SPLC joins free speech groups in filing an amicus brief in First Amendment Herndon v. Netflix case

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Learn more about the amicus brief SPLC jointly filed with other First Amendment groups making the case against restricting certain speech to younger audiences in the face of a 15-year-old’s tragic suicide after watching the series 13 Reasons Why on Netflix.

The Student Press Law Center (SPLC), PEN America, the Foundation for Individual Rights and Expression (FIRE), and the National Coalition Against Censorship (NCAC) jointly filed an amicus brief on Monday to support the First Amendment rights of Netflix in a lawsuit over the series 13 Reasons Why, which depicted suicide.

Netflix is being sued for damages following a 15-year-old girl’s tragic suicide after watching the series. The lawsuit filed in 2022 by the girl’s father, John Herndon of Livermore, CA, alleged that viewers were not adequately warned or shielded from the show’s content. A federal judge dismissed Herndon v. Netflix in 2022; Herndon has appealed.

In its amicus brief, the four free speech organizations argued that the program is fully protected under the First Amendment and therefore Netflix cannot be held liable for the death.

The brief states: “Suicide is an enduring, though tragic, facet of human existence. Many great works of literature, history, and religion depict it, and those works are routinely taught to teenagers. For just some of the most famous literary examples, consider Shakespeare’s Romeo and JulietOthello, and Julius Caesar, as well as the novels Anna Karenina, Madame Bovary, Les Miserables, The Catcher in the Rye, and The Great Gatsby. … Yet all the books, plays, and films that include such suicides are of course fully protected by the First Amendment, whether or not they include minors among their audience, and however they may be sold or marketed.”

Jonathan Gaston-Falk, staff attorney for the Student Press Law Center, said: “The plaintiff’s demands fail to take into account the far-reaching ramifications of excluding groups of ‘impressionable audiences’ from essential conversations, blocking student journalists from engaging and informing their peers in an era already fraught with misinformation.”

Kate Ruane, Sy Syms director of the U.S. Free Expression programs at PEN America, said: “Understandably it is difficult to adhere to principles when faced with a tragedy like this one. But to hold Netflix liable in this case would violate constitutional protections, court precedent and, in addition to chilling Netflix’s speech, would undoubtedly risk chilling the speech of other writers, filmmakers, artists and creators on sensitive topics like suicide, drug addiction, or mental health. ”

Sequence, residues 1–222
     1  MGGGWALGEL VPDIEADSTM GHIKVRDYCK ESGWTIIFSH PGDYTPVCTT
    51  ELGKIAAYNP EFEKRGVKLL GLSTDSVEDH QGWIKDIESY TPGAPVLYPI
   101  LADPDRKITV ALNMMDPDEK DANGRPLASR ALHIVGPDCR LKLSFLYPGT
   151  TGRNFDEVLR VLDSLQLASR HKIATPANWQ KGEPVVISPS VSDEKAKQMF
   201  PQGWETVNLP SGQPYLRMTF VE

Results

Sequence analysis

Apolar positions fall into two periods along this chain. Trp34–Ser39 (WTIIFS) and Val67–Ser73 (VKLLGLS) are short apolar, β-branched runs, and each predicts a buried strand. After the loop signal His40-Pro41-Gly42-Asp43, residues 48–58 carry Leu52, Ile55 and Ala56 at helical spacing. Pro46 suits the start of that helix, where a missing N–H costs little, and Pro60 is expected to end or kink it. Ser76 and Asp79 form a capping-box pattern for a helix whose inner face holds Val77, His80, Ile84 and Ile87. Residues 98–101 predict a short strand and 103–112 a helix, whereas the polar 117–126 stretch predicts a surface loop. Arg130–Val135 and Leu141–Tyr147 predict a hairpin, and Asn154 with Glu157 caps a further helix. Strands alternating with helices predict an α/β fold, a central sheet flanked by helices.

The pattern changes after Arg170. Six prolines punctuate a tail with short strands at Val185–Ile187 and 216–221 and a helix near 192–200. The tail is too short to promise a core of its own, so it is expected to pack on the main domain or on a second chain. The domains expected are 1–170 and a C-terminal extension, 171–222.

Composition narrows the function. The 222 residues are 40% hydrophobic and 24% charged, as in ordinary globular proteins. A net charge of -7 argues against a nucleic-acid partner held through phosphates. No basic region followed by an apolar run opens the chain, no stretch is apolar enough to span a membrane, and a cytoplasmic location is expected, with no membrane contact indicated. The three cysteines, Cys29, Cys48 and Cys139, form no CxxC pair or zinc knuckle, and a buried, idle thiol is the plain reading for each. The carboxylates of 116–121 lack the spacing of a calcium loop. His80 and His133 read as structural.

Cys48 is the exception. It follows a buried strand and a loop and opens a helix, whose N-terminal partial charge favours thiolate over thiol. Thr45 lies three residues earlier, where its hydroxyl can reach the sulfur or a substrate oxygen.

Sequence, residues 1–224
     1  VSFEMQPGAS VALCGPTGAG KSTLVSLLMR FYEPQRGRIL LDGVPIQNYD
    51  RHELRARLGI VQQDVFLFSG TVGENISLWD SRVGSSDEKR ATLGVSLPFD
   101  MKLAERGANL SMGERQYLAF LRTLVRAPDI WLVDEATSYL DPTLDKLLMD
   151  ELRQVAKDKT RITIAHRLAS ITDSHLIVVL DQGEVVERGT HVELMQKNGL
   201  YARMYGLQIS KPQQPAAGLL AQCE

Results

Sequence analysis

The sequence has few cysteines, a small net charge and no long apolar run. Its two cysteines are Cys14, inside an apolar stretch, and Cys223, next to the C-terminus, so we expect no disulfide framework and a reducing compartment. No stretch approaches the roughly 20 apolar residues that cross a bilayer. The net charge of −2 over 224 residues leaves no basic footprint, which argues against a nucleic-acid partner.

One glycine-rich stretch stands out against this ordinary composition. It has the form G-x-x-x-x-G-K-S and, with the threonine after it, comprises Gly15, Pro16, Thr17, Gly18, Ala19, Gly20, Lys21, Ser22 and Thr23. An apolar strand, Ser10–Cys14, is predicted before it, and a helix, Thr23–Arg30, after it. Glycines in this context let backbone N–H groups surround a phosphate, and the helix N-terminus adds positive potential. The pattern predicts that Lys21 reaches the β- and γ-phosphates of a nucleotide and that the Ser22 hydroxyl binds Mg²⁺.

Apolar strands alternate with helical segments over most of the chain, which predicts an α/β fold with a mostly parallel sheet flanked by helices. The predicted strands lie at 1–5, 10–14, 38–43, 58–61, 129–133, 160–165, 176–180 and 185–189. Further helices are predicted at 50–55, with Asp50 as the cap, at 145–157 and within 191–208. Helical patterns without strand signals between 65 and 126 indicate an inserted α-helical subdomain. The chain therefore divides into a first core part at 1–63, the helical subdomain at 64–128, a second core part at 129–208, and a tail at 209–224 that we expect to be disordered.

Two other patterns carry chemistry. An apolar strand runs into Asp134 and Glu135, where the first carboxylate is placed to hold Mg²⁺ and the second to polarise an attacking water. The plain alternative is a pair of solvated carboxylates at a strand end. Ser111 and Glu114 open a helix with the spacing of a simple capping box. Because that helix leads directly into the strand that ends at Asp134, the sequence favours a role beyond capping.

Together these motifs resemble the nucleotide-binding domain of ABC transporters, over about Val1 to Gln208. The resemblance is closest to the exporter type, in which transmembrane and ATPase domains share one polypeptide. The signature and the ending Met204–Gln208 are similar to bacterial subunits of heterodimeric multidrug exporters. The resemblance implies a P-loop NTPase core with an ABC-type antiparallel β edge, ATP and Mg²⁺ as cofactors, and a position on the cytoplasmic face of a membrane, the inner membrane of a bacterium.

FIRE Attorney Jeff Zeman said: “Freedom of speech isn’t the freedom to speak in a vacuum; it necessarily includes the right to promote your speech to an audience. Whether it’s Romeo and Juliet, Dead Poets Society or 13 Reasons Why, fictional works that portray difficult topics like suicide don’t lose their First Amendment protection just because their creators seek to find an audience.”

About the Student Press Law Center

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Since 1974, the Student Press Law Center has worked to promote, support and defend the First Amendment and freedom of expression rights of student journalists at the high school and college level, and the advisers who support them. Working at the intersection of law, journalism and education, SPLC operates a free, confidential legal hotline as well as public resources. SPLC also provides training, educational resources and support to the grassroots non-partisan New Voices movement, seeking state-based legislative support for student press freedom. The SPLC is an independent, non-profit 501c(3) organization based in Washington, D.C. 

Contact: media@splc.org